Hcp Proteins of the Type VI Secretion System Promote Avian Pathogenic E. coli DE205B (O2:K1) to Induce Meningitis in Rats

Xuhang Wang, Yu Sun, Dinesh Subedi, Qianwen Gong, Haosheng Huang, Jin Li, Yuxin Wang, Jianluan Ren

Research output: Contribution to journalArticleResearchpeer-review


Avian pathogenic Escherichia coli (APEC) is an important extra-intestinal pathogenic E. coli (ExPEC), which often causes systemic infection in poultry and causes great economic loss to the breeding industry. In addition, as a major source of human ExPEC infection, the potential zoonotic risk of APEC has been an ongoing concern. Previous studies have pointed out that APEC is a potential zoonotic pathogen, which has high homology with human pathogenic E. coli such as uro-pathogenic E. coli (UPEC) and neonatal meningitis E. coli (NMEC), shares multiple virulence factors and can cause mammalian diseases. Previous studies have reported that O18 and O78 could cause different degrees of meningitis in neonatal rats, and different serotypes had different degrees of zoonotic risk. Here, we compared APEC DE205B (O2:K1) with NMEC RS218 (O18:K1:H7) by phylogenetic analysis and virulence gene identification to analyze the potential risk of DE205B in zoonotic diseases. We found that DE205B possessed a variety of virulence factors associated with meningitis and, through phylogenetic analysis, had high homology with RS218. DE205B could colonize the cerebrospinal fluid (CSF) of rats, and cause meningitis and nerve damage. Symptoms and pathological changes in the brain were similar to RS218. In addition, we found that DE205B had a complete T6SS, of which Hcp protein was its important structural protein. Hcp1 induced cytoskeleton rearrangement in human brain microvascular endothelial cells (HBMECs), and Hcp2 was mainly involved in the invasion of DE205B in vitro. In the meningitis model of rats, deletion of hcp2 gene reduced survival in the blood and the brain invasiveness of DE205B. Compared with WT group, Δhcp2 group induced lower inflammation and neutrophils infiltration in brain tissue, alleviating the process of meningitis. Together, these results suggested that APEC DE205B had close genetic similarities to NMEC RS218, and a similar mechanism in causing meningitis and being a risk for zoonosis. This APEC serotype provided a basis for zoonotic research.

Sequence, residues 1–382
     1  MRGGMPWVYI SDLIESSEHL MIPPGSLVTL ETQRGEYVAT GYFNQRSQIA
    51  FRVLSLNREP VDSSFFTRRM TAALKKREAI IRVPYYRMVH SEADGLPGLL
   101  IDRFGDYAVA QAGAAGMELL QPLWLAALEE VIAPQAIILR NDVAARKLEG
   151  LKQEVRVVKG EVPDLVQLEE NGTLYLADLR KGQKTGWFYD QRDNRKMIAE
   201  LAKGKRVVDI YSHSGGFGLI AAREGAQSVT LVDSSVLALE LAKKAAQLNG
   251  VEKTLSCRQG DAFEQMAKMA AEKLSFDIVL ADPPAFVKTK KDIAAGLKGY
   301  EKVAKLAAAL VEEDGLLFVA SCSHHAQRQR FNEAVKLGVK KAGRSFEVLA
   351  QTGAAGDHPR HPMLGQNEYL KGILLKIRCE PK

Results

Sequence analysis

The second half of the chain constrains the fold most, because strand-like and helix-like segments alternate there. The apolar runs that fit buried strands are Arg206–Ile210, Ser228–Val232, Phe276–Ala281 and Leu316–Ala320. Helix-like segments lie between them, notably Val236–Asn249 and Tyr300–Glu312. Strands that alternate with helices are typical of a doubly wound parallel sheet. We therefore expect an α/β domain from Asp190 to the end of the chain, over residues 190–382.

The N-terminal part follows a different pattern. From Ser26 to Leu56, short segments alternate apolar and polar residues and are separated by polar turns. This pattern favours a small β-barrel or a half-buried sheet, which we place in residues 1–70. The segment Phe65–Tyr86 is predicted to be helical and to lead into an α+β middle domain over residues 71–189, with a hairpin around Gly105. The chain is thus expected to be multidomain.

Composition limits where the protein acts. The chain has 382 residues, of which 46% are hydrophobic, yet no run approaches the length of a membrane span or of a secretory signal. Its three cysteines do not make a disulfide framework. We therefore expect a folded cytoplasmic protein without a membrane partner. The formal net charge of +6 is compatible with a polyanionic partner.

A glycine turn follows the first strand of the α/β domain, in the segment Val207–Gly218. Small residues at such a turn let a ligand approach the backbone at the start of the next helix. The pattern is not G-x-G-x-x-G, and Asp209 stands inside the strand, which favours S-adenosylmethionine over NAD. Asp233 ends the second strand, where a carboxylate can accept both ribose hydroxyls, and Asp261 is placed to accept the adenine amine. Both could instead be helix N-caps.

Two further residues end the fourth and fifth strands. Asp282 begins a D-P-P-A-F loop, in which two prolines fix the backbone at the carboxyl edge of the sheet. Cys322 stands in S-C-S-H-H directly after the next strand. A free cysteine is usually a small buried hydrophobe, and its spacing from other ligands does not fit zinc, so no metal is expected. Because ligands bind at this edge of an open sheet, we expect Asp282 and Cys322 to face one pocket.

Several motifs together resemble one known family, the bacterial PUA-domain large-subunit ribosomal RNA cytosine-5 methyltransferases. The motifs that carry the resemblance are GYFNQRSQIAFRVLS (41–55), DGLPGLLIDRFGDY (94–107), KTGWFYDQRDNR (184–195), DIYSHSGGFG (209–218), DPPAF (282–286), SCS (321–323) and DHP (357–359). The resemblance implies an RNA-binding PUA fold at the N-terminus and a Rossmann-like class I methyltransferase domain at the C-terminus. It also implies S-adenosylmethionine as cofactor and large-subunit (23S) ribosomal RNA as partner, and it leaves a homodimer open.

Original languageEnglish
Article number1353
Number of pages20
Issue number9
Publication statusPublished - Sept 2022


  • APEC
  • brain microvascular endothelial cells
  • meningitis
  • pathogenicity
  • Type VI secretion system
  • zoonotic

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